The discussion of a full frame DSLR versus a crop sensor (APS-C) camera just got more interesting when B&H Photo decided to offer an eye-popping discount on the Canon 5D MK II, offering the body-only with a 16 GB CF card for under $2,000 around Christmas (now back up to $2500).
While I can live without a full frame sensor, the concepts of “need” and “want” become jumbled at times, like when B&H offers a big discount on a full frame camera that I wanted anyway. So, it’s good to go back over the differences and remember why you select one over the other.
First, it might be good to understand where the term “full frame” comes from in the first place. Full frame means the camera’s image sensor is roughly the same size as 35mm film, or 24mm x 36mm. That, my friends, is a big sensor. And, when it comes to sensors, size matters.
Interestingly, one of the reasons you frequently find a Canon 7D being used on a movie set like Black Swan, instead of a full frame Canon 5D MK II, is because the APS-C chip also approximates a film stock used widely in motion picture production called academy 4-perf. PL movie lenses cover 16mm x 22mm and take a wild guess how big an APS-C sensor is? If you guessed 13.8mm x 20.7mm, you were cheating.
The bottom line is a Canon 7D with a PL mount can accommodate all those marvelous movie lenses. There’s even a place that will permanently alter your 7D to be a PL mount movie camera!
It’s More Than Physical
The physical difference between the sensors is significant, with the full frame sensor being closer to twice as large. That is both good and bad depending on the circumstances. Since big chips are harder to manufacture and have a higher defect rate, they are vastly more expensive. So, if your wallet has anything to say about your camera selection, you’ll likely end up with an APS-C camera.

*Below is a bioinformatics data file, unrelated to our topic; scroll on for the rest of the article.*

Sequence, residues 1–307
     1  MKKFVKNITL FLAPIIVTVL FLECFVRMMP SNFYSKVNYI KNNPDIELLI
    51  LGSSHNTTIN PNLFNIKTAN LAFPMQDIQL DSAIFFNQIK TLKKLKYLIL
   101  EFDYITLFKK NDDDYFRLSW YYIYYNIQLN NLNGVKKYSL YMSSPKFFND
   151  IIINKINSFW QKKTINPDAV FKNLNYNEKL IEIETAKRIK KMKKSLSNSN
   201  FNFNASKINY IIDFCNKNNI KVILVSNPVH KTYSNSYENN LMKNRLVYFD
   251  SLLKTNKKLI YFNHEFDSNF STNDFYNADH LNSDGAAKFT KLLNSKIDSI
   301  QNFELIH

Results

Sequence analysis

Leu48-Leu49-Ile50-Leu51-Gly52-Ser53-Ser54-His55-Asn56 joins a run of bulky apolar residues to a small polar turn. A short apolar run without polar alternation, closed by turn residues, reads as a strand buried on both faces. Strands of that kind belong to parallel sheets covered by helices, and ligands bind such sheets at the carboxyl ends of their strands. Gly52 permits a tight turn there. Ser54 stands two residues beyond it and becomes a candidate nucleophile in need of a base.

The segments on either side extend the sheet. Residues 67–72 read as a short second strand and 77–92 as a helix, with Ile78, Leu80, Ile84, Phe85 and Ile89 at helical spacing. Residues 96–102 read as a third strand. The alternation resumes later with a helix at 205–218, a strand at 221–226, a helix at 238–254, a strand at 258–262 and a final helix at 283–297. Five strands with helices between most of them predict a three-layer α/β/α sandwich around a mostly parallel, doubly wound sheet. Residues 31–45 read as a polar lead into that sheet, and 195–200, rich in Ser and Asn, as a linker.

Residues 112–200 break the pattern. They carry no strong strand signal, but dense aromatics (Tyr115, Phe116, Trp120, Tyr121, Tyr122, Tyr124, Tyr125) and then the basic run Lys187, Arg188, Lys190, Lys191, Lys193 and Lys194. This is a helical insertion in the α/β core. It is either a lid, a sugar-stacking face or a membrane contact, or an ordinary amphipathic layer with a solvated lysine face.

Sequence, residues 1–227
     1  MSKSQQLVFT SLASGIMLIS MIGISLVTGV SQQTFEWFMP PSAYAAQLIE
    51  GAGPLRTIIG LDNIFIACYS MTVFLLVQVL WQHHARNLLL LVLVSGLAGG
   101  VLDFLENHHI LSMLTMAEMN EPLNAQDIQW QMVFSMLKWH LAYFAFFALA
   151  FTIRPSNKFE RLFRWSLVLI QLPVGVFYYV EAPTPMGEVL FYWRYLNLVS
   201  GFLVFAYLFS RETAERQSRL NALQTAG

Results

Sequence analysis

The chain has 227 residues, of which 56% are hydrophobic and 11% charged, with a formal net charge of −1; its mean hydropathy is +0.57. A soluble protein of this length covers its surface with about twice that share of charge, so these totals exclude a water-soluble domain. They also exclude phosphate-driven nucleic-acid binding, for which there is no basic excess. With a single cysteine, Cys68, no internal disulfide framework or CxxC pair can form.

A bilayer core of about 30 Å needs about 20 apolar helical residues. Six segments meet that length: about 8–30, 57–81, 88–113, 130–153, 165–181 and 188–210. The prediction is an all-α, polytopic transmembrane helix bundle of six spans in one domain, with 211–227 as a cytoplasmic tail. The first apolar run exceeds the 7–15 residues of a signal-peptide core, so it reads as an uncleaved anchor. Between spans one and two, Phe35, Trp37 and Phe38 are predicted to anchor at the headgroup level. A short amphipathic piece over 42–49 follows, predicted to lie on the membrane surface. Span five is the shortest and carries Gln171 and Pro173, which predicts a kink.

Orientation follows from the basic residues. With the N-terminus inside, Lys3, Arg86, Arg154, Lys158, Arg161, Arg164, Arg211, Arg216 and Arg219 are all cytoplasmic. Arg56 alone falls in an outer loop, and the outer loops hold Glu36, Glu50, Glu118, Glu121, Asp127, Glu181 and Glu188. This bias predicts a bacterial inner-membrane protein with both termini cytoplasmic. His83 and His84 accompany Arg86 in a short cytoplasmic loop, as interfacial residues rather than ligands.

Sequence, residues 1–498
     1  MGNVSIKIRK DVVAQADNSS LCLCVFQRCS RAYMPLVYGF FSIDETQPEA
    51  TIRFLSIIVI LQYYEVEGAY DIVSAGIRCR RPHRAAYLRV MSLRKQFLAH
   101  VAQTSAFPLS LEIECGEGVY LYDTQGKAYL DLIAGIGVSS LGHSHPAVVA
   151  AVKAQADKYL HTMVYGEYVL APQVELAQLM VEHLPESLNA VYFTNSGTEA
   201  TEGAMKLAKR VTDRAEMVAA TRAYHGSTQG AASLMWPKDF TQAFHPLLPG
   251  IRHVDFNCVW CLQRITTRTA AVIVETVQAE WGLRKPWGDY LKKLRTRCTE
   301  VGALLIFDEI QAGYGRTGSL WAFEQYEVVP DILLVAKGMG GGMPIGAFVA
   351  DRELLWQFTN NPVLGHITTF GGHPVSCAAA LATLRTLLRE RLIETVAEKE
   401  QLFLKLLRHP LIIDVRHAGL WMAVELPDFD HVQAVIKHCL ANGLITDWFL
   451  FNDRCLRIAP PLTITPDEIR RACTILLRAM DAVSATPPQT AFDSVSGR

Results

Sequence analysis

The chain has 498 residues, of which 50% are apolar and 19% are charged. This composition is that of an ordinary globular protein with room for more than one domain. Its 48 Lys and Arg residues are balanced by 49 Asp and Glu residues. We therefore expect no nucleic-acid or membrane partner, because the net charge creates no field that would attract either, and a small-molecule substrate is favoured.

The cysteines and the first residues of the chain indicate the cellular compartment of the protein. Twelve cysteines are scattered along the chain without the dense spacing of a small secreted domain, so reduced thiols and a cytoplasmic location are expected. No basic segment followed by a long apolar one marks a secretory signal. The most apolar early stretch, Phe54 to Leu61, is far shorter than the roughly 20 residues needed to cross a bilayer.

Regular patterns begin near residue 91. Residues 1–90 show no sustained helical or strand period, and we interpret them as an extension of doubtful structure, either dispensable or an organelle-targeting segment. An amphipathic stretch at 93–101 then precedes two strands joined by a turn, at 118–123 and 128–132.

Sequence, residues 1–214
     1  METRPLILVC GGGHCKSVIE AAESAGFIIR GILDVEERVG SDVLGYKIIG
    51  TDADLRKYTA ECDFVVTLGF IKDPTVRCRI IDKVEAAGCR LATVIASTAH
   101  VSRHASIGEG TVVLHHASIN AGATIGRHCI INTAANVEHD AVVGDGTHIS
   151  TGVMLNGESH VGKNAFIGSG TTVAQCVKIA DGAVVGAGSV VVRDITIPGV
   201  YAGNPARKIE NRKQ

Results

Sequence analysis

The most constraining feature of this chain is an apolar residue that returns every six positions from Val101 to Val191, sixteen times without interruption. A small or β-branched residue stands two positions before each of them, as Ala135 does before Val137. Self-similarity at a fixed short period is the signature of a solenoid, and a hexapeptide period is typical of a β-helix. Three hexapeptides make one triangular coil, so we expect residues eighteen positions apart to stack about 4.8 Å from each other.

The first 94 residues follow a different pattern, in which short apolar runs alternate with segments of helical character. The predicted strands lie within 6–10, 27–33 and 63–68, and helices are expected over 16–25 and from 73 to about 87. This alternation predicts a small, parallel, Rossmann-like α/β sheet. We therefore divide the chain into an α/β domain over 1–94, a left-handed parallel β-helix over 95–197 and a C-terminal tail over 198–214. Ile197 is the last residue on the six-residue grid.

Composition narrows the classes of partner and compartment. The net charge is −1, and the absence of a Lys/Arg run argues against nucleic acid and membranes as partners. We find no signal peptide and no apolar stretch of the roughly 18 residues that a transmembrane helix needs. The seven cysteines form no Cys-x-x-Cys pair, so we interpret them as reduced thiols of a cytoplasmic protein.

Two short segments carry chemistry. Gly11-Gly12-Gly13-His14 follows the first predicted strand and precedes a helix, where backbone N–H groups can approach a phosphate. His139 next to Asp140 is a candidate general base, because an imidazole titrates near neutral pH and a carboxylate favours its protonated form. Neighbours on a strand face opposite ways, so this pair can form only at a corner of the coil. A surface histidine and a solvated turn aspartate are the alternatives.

The payoff for the extra cost of a full frame sensor is in the detail you get and the low light performance. At ISOs above 1600 a Canon 5D will simply blow the doors off my 7D. Even though I don’t do that much low light shooting, that’s my excuse for wanting a 5D MK II.
Also, if you’re shooting a lot of landscapes or other fine detail, a full frame camera will provide better resolution at distance.
Notice the qualifier “at distance”. Up close, like in a studio setting, the difference will be extremely difficult to notice with the biggest differences introduced by the quality of the lenses.
What Strange Magic Is This?
It’s not magic, just that at studio and portrait distances a full frame camera is shooting largely on the center of the sensor and you’ll likely be cropping out the edges anyway. That’s why I can shoot studio shots side-by-side with my friends owning 5D MK II’s and they’re surprised to see very little difference in our final shots. However, were we to walk across the street to the beach and shoot some landscapes, they would remember why the extra money was worth it.
That’s why it’s important for people to have an idea of what kind of photography they want to do before selecting their gear. Buying the camera before figuring out your photographic specialty is the tail wagging the dog.
My decision to go with a 7D is because most of my work is as a PJ. Lots of run and gun, a lot of being bumped, dumped and jostled, and occasionally working in the elements. An armor-plated crop sensor camera is well suited to that type of work, plus I shoot a lot of video.
I was perfectly happy with my APS-C crop sensor…until B&H put the full frame 5D MK II on sale. Curse you, B&H, curse you.